07 November 2006

On Pendle Hill - Part 2

Dear reader: This is the second part of a shortie called ‘On Pendle Hill’. Part one is a post or so ago so read that first or skip the whole thing if you don’t like shorties!

Disclaimer: Any resemblance to schools of witchraft & wizardry or to broomsticks or to persons who could remotely be described as having a life is entirely intentional and actionable…..if you dare.

Part 2:

Hey-how for Hallow-e'en!

When all the witches are to be seen,

Some in black and some in green,

Hey-how for Hallow-e'en!

Thout! tout! a tout, tout!

Throughout and about.



(tibbs and alizon trick or treating)

Turning north and west, Tibbs flew low over Cat-Gallows Wood and Scriddles Farm. Ahead lay the dark heart of Bowland Forest where, in olden times, the Om Ren stalked the unwary hunter or shepherd. On a bad day, he would tear them to pieces or perhaps hurl them over a precipice. On a good day and in a fine mood he might be satisfied with uprooting a tree to bash them with.

They had all, even Tibbs, saved many a shepherd from the unwelcome attentions of the Om Ren. He was, after all, at least as thick as a mountain troll and possibly twice as gullible and so presented no threat to a Witch. A simple fuddling spell was usually enough to set him wandering, confused and disorientated with a sour and puzzled expression, back into the depths of the forest. They looked for him more out of habit than anything else for he has not been seen by any of the forest spirits (according to Tibbs), for at least two hundred years now.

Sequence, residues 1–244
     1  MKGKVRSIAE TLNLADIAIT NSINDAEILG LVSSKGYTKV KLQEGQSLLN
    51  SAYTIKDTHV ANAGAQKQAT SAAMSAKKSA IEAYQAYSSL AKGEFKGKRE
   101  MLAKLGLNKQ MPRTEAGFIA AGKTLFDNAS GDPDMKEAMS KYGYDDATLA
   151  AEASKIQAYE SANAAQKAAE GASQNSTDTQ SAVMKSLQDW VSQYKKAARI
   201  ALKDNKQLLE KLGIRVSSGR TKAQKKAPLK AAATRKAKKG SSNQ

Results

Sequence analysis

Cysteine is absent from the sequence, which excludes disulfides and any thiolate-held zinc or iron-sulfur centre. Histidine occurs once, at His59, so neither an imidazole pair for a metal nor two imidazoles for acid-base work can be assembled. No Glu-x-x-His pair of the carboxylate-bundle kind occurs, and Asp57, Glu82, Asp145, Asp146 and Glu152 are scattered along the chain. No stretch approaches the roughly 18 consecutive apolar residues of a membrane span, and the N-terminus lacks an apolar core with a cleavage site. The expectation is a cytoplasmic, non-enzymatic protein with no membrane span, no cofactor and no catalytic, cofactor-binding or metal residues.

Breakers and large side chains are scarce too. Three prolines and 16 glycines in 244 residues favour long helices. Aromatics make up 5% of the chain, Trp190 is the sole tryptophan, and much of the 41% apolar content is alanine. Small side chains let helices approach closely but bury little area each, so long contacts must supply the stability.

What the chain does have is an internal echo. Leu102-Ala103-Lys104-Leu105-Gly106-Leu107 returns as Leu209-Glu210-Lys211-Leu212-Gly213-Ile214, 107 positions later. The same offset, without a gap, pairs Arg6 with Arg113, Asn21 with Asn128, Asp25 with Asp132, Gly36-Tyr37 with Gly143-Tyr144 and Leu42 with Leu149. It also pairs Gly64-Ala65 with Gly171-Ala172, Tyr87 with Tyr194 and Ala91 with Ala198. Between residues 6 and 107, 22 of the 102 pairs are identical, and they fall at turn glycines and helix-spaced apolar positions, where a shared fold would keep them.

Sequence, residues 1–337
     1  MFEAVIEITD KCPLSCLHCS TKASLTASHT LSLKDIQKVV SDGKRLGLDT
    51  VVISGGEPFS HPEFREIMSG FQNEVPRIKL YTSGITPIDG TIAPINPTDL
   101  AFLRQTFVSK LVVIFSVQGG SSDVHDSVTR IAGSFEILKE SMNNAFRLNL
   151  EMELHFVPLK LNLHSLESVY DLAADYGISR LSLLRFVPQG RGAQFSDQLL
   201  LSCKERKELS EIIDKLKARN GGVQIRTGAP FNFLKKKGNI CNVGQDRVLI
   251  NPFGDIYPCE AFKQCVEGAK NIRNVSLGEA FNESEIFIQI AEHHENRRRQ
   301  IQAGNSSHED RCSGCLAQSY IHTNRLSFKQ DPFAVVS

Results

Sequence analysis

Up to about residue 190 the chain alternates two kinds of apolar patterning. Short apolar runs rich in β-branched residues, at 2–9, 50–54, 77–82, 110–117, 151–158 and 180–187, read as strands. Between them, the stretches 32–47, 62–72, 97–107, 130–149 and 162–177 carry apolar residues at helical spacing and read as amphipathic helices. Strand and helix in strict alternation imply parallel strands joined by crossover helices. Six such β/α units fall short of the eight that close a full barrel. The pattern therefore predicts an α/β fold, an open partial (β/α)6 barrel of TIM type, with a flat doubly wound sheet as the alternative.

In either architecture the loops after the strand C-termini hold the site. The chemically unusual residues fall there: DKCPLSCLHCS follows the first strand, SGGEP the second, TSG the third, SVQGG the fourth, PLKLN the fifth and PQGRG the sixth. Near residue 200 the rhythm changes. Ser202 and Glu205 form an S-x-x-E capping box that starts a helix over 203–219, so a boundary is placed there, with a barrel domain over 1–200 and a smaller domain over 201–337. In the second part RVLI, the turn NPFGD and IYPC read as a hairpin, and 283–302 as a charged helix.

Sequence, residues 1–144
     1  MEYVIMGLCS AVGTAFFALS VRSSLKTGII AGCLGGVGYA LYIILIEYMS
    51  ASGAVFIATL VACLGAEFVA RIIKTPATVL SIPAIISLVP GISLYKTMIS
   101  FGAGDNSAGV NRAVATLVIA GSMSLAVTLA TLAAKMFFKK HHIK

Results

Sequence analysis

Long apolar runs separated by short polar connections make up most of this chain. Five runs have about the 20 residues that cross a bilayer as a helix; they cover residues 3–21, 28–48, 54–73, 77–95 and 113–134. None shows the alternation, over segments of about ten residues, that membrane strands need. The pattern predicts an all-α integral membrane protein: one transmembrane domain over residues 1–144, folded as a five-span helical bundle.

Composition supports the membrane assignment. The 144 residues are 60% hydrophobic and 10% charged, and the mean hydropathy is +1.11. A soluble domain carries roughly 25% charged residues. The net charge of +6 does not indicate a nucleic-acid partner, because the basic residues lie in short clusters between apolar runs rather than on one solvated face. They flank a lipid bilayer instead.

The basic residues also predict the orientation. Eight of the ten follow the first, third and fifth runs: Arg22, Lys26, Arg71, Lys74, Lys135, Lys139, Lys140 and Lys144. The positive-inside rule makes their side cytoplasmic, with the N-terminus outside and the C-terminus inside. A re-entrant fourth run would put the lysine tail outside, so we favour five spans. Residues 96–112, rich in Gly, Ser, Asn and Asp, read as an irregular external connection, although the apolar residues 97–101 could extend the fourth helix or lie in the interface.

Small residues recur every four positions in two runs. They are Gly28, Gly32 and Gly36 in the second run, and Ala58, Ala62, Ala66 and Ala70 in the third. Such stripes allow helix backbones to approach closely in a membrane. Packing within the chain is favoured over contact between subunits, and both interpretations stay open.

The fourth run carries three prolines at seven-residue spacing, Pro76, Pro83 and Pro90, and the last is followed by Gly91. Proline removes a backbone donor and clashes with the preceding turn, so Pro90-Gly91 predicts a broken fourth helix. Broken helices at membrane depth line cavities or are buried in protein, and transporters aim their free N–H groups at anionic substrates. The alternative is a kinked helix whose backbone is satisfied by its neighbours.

Demdike sped up and edged, as close as she dared, alongside Alizon.
‘Tha’ve bought nuther new un then?’ she said, nodding at Alizon’s broom, ‘wastin tha monee agin’.

‘Aye, ‘tis the new Cirrus 2006,’ said Alizon, ‘from the Hogwash school of witchcraft and wizardry down the valley. `Tis very fast and light with built in nav control.’ She pressed a knot in the witch-wood and an illuminated display panel appeared at the top of the broom. Demdike cackled and almost fell off her broom calling over to the others to come and see Alizon’s latest folly. Alizon explained that the broom had the latest satellite Witch Positioning System (WPS) technology and she showed them the displays for course, wind speed, altitude and proximity sensors. She showed them how to programme in their destination and watched as the system worked out the fastest route to Lancaster through the various cloud formations avoiding areas of potential rain or wind sheer but including suggestions for sightseeing variations or coven visiting en route. By now, they were all cackling so loudly Tibbs wondered if there were heads turning in the farmhouses below. ‘Tis Wi-Fi enabled,’ said Alizon, not about to give in. The howls of derision rose to deafening levels and a fox looked up and gave an answering howl on the moors below.